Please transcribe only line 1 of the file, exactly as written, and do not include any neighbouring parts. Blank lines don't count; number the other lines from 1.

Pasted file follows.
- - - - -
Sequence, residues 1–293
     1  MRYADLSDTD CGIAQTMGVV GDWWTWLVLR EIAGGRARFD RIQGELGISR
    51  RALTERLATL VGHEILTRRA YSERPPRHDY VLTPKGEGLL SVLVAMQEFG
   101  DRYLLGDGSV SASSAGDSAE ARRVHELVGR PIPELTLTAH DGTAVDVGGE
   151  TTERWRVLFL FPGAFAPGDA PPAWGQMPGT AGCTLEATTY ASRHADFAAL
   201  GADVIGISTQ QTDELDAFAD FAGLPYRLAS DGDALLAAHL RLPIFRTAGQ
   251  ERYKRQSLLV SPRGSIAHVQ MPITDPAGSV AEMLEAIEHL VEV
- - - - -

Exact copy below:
Sequence, residues 1–293